2. Strain the almonds and put in a blender with 4 cups of water. (It must be a blender, not a food processor – trust my previous experience on this one.) Blend for a full 2 minutes.
  3. Strain the blended mixture into a quart-size canning jar using a fine sieve. Press the solids through with a rubber spatula.
  4. Periodically, scrape the solids from the sieve (save them for smoothies) and rinse the sieve to enable more liquid to pass through.
  5. Strain the first liquid through the sieve again, this time without pushing the mixture through. What you end up with in that jar is your finished product – DIY Almond Milk!
  6. Enjoy within 5 days.

About the Author

Stacy Brewer, teacher, artist, urban farmer, and self-proclaimed garden nerd, is committed to cooking with as many local and seasonal ingredients as possible and raising as much food as she can in her yard. She writes with heart and humor about all things gardening, preserving and crafting on her blog, Seattle Seedling.

You can also find her on FacebookTwitter, and Pinterest.

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Jen DC
Jen DC
October 1, 2012 9:54 am

4 stars
I love my cashew milk! Shockingly easy and so much more tasty, which surprised me a little.

October 1, 2012 9:48 am

Terrific video – great job!

October 1, 2012 9:47 am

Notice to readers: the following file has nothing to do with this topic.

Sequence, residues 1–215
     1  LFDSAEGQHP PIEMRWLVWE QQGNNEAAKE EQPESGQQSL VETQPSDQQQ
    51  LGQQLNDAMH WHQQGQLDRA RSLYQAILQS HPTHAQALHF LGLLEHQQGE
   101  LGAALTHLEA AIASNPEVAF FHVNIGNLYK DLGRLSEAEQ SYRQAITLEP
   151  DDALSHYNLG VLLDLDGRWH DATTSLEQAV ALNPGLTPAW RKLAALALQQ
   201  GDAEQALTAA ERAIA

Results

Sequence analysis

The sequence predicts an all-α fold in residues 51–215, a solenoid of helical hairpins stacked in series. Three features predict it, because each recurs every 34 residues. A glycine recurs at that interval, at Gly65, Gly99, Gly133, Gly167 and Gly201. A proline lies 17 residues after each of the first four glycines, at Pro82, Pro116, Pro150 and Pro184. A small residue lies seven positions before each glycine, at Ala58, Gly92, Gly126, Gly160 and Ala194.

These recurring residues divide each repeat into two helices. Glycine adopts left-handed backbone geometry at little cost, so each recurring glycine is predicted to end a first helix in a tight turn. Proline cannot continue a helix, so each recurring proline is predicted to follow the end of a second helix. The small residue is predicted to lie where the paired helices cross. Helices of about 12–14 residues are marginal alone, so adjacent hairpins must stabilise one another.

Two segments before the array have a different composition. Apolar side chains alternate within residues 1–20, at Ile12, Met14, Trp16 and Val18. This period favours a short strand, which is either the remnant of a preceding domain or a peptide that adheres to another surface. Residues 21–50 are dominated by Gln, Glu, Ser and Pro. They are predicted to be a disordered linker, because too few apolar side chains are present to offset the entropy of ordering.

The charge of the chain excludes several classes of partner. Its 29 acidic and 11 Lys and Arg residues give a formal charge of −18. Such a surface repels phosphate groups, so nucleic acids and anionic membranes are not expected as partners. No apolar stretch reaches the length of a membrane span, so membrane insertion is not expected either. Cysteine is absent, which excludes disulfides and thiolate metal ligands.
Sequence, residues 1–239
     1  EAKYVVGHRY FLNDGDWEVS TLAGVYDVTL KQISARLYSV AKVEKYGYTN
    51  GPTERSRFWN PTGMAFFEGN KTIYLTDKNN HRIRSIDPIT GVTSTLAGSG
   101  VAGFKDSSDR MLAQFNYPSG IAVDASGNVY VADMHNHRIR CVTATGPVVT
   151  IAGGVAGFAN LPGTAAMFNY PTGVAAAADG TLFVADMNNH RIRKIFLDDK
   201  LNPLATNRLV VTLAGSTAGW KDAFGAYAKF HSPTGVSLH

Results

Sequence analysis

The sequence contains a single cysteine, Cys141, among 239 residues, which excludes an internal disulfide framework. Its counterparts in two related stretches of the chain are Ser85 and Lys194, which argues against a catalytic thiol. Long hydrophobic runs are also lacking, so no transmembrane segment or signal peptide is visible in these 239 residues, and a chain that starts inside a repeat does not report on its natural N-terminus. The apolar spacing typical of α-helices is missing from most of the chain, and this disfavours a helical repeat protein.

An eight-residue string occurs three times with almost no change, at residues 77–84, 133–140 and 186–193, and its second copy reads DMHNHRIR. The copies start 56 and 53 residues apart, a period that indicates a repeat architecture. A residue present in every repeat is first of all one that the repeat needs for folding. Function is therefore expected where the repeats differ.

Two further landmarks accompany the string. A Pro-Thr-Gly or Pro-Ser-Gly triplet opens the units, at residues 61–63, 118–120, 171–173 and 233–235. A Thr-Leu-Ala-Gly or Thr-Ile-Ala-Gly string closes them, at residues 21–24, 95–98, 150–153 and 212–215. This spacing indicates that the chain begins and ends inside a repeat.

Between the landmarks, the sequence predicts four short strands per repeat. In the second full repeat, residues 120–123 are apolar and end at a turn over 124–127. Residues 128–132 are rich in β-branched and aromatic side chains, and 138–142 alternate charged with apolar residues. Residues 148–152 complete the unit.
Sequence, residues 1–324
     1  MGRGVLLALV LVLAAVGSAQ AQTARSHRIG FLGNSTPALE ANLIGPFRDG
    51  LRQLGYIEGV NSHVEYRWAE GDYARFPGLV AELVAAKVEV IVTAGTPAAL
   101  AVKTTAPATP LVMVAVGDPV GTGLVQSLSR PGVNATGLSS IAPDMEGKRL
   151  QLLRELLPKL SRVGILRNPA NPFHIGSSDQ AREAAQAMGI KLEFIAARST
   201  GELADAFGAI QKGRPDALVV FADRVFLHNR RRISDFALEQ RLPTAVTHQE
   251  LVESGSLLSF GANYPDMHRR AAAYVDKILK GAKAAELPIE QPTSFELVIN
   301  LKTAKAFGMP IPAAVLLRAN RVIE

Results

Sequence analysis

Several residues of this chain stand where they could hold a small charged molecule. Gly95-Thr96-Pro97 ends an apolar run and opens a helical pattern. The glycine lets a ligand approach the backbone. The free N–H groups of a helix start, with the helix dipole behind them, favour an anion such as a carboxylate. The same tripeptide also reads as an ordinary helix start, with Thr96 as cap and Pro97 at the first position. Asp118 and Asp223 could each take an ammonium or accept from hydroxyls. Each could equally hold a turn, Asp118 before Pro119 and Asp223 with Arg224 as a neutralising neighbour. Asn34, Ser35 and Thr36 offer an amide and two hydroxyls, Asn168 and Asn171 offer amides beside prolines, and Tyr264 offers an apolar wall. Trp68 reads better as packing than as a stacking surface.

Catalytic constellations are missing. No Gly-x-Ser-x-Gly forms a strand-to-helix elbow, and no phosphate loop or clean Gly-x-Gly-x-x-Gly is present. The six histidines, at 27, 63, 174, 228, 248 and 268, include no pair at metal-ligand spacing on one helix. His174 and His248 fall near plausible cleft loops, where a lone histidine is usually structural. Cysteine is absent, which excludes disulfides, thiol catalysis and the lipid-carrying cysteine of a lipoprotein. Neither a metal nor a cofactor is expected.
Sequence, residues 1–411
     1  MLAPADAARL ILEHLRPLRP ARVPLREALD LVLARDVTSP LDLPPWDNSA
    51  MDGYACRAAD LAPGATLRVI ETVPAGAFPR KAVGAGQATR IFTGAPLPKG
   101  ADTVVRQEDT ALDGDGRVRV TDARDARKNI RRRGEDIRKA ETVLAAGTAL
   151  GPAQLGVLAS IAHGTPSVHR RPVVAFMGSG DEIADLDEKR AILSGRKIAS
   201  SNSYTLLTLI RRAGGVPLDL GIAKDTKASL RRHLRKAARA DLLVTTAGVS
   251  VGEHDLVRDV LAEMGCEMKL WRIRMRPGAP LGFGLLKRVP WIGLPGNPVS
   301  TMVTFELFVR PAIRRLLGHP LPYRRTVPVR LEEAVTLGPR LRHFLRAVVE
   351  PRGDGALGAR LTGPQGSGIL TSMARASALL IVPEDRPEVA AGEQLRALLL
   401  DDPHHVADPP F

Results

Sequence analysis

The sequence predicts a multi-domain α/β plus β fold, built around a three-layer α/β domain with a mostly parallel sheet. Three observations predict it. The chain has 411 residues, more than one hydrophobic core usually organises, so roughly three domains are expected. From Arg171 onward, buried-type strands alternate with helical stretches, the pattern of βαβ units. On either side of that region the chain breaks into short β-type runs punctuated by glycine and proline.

Thanks for the reminder! I’m so used to buying boxes that I forget how easy it is to make my own. The thought of making a small quantity is very appealing since I don’t use “milk” very often.

Tina @ MorePleaseRecipes
October 1, 2012 9:41 am

This is a great video, thanks for sharing! You make it so easy and so approachable. And, it looks so frothy and delish!

Stacy Brewer
October 1, 2012 10:08 am

Thank you!! 🙂 I had fun making it!

Veggie Val
October 1, 2012 9:37 am

5 stars
Wonderful video, Stacy! Thanks. So glad there are lots of VitaMix believers out there, too. I’m wondering what creative things you blender users do with the almond paste that’s left. Seems to me that’s a bonus to figure into the cost. I would use it in muffins or breads. MMmmm!

Stacy Brewer
October 1, 2012 10:06 am
Reply to  Veggie Val

Thank you! 🙂

October 1, 2012 9:28 am

I’ve tried all kinds of milk alternatives like soy, rice and oat, but like almond milk the best. Homemade almond milk is definitely worth the effort and I love that you can make it simply from almonds and water. Thanks for the reminder on how simple it is to make your own and not need the boxed stuff.

Stacy Brewer
October 1, 2012 10:05 am
Reply to  Sue

I obviously agree! So worth it! 🙂

Lillian @ lillianstestkitchen
October 1, 2012 9:22 am

Love it! I need to start making some almond milk. I’ve been sticking to cashew milk, but there’s no need for that. Variety is the spice of life!

October 1, 2012 9:21 am

Yup, ditto the nut milk bag – if you’re in Portland, OR – get one cheap at Mirador. I have a couple (they are cheap), I use mine for making juice also.

October 1, 2012 6:05 am

To avoid the graininess, all you need is a nut milk bag added to your straining step. I use a nice one (that came with my Vitamix) and it comes out totally smooth and not grainy in the slightest.